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Category: PhoneXPRT

Our baby has a new name!

The upcoming Android benchmark will be called MobileXPRT. Thanks to everyone who sent in suggestions. We are testing development builds now and look forward to having a community preview available in the next few weeks.

In other news, the developer license used to build TouchXPRT expired this week. We have created a new version to fix this problem. If you are a TouchXPRT user, you’ll need to download the new version for any future testing. You can find the details here.

As we mentioned in the post Three names, two hosts, we set up a second WebXPRT hosting site to see if that would improve the slow downloads reported in China. To help us better understand the situation, we are going to start logging IP addresses for the host at http://54.251.252.204/webxprt/. We are doing this to see if there are regional differences in the download time. This change does not affect users of WebXPRT at http://www.principledtechnologies.com/benchmarkxprt/webxprt/. Neither host will gather personally identifying information.

Eric

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Presentation XPRT

A few weeks ago, the Mobile PC Extended Battery Life Working Group (EBL WG) asked me to give a presentation about the BenchmarkXPRT benchmarks during one of their meetings. The group started a little over 10 years ago and is an industry organization focusing on achieving all-day battery life in mobile PC platforms.

There was a catch, of course. The meeting was this week, in Taipei. Luckily, we were able to grant the request without racking up any frequent flier miles—thanks to the wonders of technology, I was able to give the presentation remotely.

Taipei is 12 hours ahead of us here on the East Coast, so I made arrangements to give the presentation last night at 9:30 pm, making it 9:30 am the next day there—the first thing on the agenda for today. (Oh, the vagaries of time zones!)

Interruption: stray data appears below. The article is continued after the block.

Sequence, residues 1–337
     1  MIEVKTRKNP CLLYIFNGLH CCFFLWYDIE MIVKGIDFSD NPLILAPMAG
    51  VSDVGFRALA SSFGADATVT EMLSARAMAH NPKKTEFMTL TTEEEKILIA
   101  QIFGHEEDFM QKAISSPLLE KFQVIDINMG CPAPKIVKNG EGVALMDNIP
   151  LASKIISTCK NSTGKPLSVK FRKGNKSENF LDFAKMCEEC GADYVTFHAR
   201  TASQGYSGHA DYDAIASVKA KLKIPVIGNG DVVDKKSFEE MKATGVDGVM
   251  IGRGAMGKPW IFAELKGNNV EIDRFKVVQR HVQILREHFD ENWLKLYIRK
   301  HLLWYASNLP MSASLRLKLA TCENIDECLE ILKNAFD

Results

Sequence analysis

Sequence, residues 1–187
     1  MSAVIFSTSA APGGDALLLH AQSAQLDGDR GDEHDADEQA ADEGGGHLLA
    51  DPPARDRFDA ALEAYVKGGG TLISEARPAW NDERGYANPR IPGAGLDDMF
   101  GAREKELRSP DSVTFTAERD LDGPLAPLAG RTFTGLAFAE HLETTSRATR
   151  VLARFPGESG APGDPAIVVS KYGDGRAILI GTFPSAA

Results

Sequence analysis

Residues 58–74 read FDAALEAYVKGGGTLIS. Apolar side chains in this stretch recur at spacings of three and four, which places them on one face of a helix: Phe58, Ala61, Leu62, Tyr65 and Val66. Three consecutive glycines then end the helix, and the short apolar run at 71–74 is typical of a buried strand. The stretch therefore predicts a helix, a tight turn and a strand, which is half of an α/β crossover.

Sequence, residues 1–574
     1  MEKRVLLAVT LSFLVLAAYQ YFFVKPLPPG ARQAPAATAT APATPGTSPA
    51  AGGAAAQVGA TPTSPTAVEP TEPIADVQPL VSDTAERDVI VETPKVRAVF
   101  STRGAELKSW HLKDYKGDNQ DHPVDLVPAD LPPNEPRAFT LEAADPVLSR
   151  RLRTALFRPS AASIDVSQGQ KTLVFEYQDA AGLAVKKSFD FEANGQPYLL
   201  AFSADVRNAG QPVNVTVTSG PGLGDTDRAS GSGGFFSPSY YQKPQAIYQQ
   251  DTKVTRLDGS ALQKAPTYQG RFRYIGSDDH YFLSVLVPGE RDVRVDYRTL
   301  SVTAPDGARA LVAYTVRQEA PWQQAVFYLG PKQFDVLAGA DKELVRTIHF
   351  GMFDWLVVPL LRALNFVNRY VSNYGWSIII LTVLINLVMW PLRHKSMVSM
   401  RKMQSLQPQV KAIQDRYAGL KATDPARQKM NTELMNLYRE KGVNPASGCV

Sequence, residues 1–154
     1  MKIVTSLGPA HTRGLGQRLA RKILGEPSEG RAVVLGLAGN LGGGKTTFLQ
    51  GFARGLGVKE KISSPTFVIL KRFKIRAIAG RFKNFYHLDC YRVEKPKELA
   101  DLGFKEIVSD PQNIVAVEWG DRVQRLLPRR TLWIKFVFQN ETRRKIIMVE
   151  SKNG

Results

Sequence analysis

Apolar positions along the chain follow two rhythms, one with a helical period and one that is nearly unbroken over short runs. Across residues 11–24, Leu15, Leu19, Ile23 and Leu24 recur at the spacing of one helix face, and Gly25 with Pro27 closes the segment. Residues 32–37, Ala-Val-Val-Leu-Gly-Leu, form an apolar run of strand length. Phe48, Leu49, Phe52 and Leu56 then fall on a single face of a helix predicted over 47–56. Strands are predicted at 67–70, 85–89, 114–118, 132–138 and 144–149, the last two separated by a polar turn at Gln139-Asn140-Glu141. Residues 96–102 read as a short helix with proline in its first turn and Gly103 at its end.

During the one-hour session we talked about HDXPRT, TouchXPRT, WebXPRT and MobileXPRT (which, for the moment, is how we internally refer to the XPRT formerly known as PhoneXPRT). And of course, we discussed the BenchmarkXPRT Development Community. It went well, and we had some great questions from the group.

It went so well, in fact, that I’d love to do it again. I like talking about the development community and the XPRTs, and would welcome the chance to present to other groups. If you are interested or know an organization that is, you can email us at benchmarkxprtsupport@principledtechnologies.com.

Bill

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A happy coincidence

I love new gadgets and even the promise of new ones. Samsung just announced the specs for their upcoming Galaxy Tab 3. Initial reactions to the specs have been somewhat muted to say the least. Basically, they’ve looked at this as only an incremental improvement to the current model. The early rumors of a larger screen and bigger improvements, which turned out to be false, surely contributed to the disappointed reactions.

That being said, some sites claim that the performance of the Galaxy Tab 3 is much higher than the Galaxy Tab 2, particularly regarding graphics. We look forward to verifying these claims ourselves.

Coincidentally, this week we have been playing with an early version of PhoneXPRT (or whatever we end up calling it). So far, things are looking good. We ran it on several devices, including a Samsung Galaxy Tab 2. Like all the XPRT benchmarks, it uses real- world scenarios, which we think result in more useful and accurate results. We’ll talk more about the scenarios in the next few weeks.

It’s a very exciting time in the Android phone and tablet market. I can’t wait to try out subsequent versions of the new benchmark on the latest and greatest Android devices!

Bill

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Three names, two hosts

As Bill mentioned a couple of weeks ago in The Name Game, we’ve been considering changing the name of PhoneXPRT. The rationale for this is that the tests in PhoneXPRT are useful for a range of devices, from phones to tablets. We asked for your opinions about the name. After getting your input and talking amongst ourselves, we are considering three possibilities: